APPLY FOR A BUILDING PERMIT
A building permit is required by almost every city
or county in the United States in order to construct
or alter a building or structure. Most states require
that all construction work on a building that requires
a permit also be done by a licensed contractor. Some
states allow an exemption, however, for homeowners who
build or make improvements for their own personal residence.
Apply for a building permit now by finding your
state using the map below.
The first step is to obtain the proper application from the city or county in which you wish to build or make improvements. If you live in an incorporated city, then you would likely apply with your city building department. However, if you live in an unincorporated town, you likely would apply for a permit with the county building department. In some areas, the city and county are one and the same entity.
Applications sometimes differ by the type of construction
that will be taking place, and some jurisdictions have
a universal permit application. The different kinds
of applications that are customary include the following:
New Buildings (Residential or Commercial)
Alterations and Improvements
Swimming Pools, Spas, and Decks
Storage facilities, barns, and temporary structures
The building permit application will usually require
you to submit the following:
A set of building plans
A set of material specifications
A description of the project, including its location
Anticipated costs of the project and how it will be
Soil tests, structural engineer analysis, or environmental
The general contractor for the job and their license
Proof of insurance or bond
Your personal information, social security number,
or federal tax identification number
The building and site plans will generally require
Structural drawings, with dimensions and elevations
Site plan with setbacks, zoning specifications and
grading, drainage and access
Floor plans for the structure
Electrical, Plumbing and HVAC plans
Engineering data and plans, as well as architectural
plans usually require the signature of professionals
that the plans and drawings meet applicable legal requirements.
The building permit must be submitted and
then it must go through the permitting process. The
land use or zoning department will review the site plans
for compliance with the local land use ordinance to
make sure the structure is being built in a properly
zoned area, that it meets the minimum height requirements
and setbacks (the minimal distances between structures
and the property line), and lot coverage, density and
parking ratios. This department or a related one also
reviews grading, drainage, and public access. If your
plans do not meet the ordinance, some jurisdictions
allow you to apply for a variance, which is an exception
to the rule based on local guidelines or where the local
ordinance allows for degrees of discretion.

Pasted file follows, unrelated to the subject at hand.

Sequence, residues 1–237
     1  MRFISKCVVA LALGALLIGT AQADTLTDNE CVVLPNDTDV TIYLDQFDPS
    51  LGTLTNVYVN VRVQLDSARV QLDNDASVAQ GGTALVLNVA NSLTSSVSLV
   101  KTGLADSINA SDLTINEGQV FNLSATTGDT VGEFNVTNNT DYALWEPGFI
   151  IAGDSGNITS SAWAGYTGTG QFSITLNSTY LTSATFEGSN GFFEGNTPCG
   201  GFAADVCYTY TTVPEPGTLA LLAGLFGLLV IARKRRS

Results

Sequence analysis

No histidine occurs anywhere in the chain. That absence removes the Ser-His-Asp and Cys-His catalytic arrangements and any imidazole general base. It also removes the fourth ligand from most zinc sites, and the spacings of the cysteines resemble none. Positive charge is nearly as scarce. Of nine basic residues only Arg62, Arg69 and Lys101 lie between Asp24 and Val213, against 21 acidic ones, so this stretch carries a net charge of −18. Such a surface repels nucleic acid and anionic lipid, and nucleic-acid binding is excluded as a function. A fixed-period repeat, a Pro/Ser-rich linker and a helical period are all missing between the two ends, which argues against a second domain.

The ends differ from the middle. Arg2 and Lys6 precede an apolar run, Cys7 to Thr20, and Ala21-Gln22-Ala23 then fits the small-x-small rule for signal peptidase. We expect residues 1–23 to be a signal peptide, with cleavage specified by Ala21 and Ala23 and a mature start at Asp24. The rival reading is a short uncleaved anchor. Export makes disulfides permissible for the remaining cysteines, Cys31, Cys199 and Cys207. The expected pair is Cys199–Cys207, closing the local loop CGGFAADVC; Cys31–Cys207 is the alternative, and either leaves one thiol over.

The local building departments will run the
plans through their construction experts or will contract
with outside consultants to review the plans. These
experts must review the plans for compliance with the
local building code for safety and system requirements,
such as electrical, sewer, and structural soundness.
Like most phases of the building permit process, if
the application is rejected, you may be allowed to amend
or you can seek an appeal with the local appeals board.
Once the plan and site review is done, the
city may, unless other special circumstances exist,
issue the building permit. However, most buildings also
require additional permit for various aspects of the
construction, such as electrical permits, HVAC permits,
plumbing permits and sewer hook up fees, or gas lines
and tank permits. The city will normally issue a list
of conditions for a project that must be met before
final inspection will be approved. On large projects
these letters of conditions can be quite large and may
include such things as adding streets, sidewalks, water
tanks, additional sewage facilities, or street lights,
and can be very costly.
Once construction is under way, there will
be various inspection points by different city or county
agencies to determine if code compliance is being met.
Health and environmental divisions of the local jurisdiction
may inspect the sewer installation, and engineering
departments may inspect foundations, sidewalks, or retaining
walls. Soil experts may inspect soil for compaction.
All electrical, gas, plumbing and HVAC work will require
inspections. Then there will be the general inspections
to the structure, with the last inspection resulting
in a certificate of occupancy or other type of occupancy
permit that allows the structure to be used by the public.
A building permit application approval process can
be as quick as 30 days or as long as a year, depending
on the project and the city or countys capacity.
Building permits usually have expiration dates and
work must be started and completed within a given
time frame before extensions must be requested.